Then there is the blackmail issue. If Saddam had nuclear ICBM's in 1990, Kuwait would a memory, because we would not have dared to oppose him. And today most of the middle east could well be in the control of a madman. And 'ground zero' would refer to the former state of Israel.
4. Missile defense will never work, and even if it does the other side will just build more countermeasures.
The first part of this argument has been proven wrong for at least ten years when it became clear that that only thing stopping deployment of missile defenses were incremental engineering issues, and not fundamental breakthroughs. The latest successful test should help put that argument to bed forever.
The countermeasures argument is more problematic. Back when missile defense was being designed to thwart a rival superpower, it was an open question as to whether development of missile defenses would be able to stay ahead of countermeasures. But world events have made this issue much simpler. States like Iran and North Korea simply don't have the resources to build complex countermeasures. Iran is not about to launch orbital hunter-killer satellites or multi-stage chaff-firing decoy rockets. They can barely afford a single missile program. As a result, we know what kind of threat we will be facing. In Iran's case, it's the Shihab-4 and Shihab-5 rockets, which have ranges of 2,000 and 12,000 km, respectively. We can tune our defenses to that specific threat, and make our job much easier. And if Iran does attempt rudimentary countermeasures, we will deal with them.
This whole argument is somewhat of a red herring in the first place. Weapons systems evolve. The same logic could have been used with tanks, for example. Why put heavier armor on a tank, when it will just cause the enemy to build more powerful guns? The answer is because until they do you gain a temporary advantage. But they WILL come up with something better, so you adapt. They penetrate your armor, you come up with active armor. They penetrate that, and you build a tank that can shoot while moving. They build targeting systems for that, so you build low, stealthy tanks. And so it goes. Missile defense will be no different. The evolving dynamic of battle is never an excuse to simply throw up your hands and capitulate.
5. Missile Defense will take needed resources away from other necessary weapons, like more helicopters and ships.
This is the argument the Democrats have been floating, and it's the most palatable argument today when no one wants to be seen as soft on the war. This way, you can oppose missile defense in the name of military strength.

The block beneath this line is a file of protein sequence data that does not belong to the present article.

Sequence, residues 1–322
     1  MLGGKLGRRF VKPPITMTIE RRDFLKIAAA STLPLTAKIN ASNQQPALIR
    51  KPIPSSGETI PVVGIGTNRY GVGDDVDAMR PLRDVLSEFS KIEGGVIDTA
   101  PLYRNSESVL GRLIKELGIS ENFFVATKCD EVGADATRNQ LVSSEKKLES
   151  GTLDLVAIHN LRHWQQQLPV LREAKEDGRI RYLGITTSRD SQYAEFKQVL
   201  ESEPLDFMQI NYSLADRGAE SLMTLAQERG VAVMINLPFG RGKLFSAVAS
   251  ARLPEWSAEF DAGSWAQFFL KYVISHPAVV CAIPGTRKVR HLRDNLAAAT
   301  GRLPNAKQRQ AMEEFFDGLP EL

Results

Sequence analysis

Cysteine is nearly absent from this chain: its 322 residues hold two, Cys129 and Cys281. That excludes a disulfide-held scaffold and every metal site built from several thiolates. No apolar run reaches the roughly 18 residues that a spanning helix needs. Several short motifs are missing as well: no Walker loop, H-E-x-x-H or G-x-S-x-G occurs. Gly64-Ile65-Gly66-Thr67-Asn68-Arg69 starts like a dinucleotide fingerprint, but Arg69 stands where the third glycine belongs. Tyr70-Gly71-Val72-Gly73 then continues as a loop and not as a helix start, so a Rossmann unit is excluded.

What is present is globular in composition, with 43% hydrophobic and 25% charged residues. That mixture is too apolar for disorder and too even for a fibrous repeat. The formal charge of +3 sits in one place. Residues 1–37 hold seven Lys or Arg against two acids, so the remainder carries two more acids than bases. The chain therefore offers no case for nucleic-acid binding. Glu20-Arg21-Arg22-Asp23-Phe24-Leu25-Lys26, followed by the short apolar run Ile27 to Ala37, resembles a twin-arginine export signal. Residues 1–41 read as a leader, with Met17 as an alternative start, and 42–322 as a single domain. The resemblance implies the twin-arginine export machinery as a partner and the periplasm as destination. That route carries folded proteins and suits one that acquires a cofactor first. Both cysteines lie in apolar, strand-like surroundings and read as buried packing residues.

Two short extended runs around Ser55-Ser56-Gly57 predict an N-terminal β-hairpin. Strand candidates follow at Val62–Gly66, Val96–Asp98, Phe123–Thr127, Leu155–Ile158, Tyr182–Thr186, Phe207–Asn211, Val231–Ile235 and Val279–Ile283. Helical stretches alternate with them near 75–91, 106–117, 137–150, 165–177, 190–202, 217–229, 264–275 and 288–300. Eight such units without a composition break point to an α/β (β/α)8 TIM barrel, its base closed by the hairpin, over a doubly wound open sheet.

But this argument is also a red-herring. It turns strategic planning on its head. If missile defense is necessary, and if more helicopters are necessary, then the correct solution is to increase the budget of the military and fund both. After all, if we lost a carrier group to a nuclear blast today, and had to replace it at the cost of a hundred billion dollars, would we say, "Oh well. I guess we won't buy fuel for the bombers this year?" No. We'd come up with the money to meet all the commitments that military planners have convinced us we need.
Missile Defense has a budget of 7.8 billion dollars for FY2003, compared to 37 billion for homeland defense. It's clearly something we can afford without touching the rest of the military's budget needs, if the will is there. Farm subsidies alone cost 20 billion dollars a year, and will double within five years if Congress gets its way. So instead of framing the question as a tradeoff between helicopters and missile defense, how about framing it as a tradeoff between missile defense or throwing a pile of money at Archer Daniels Midland?
Missile defense should be an urgent priority. North Korea has a missile today that can hit the west coast of the United States. They are selling missile technology to Iran and Iraq. Within 2-5 years Iran will have a missile that can hit Europe, and as early as 2010 they will have one that can hit anywhere in the continental United States. Iran is also on record as saying it sees nothing wrong with using nuclear weapons against its enemies and has recently advocated their use against Israel. This is a threat that MUST be addressed.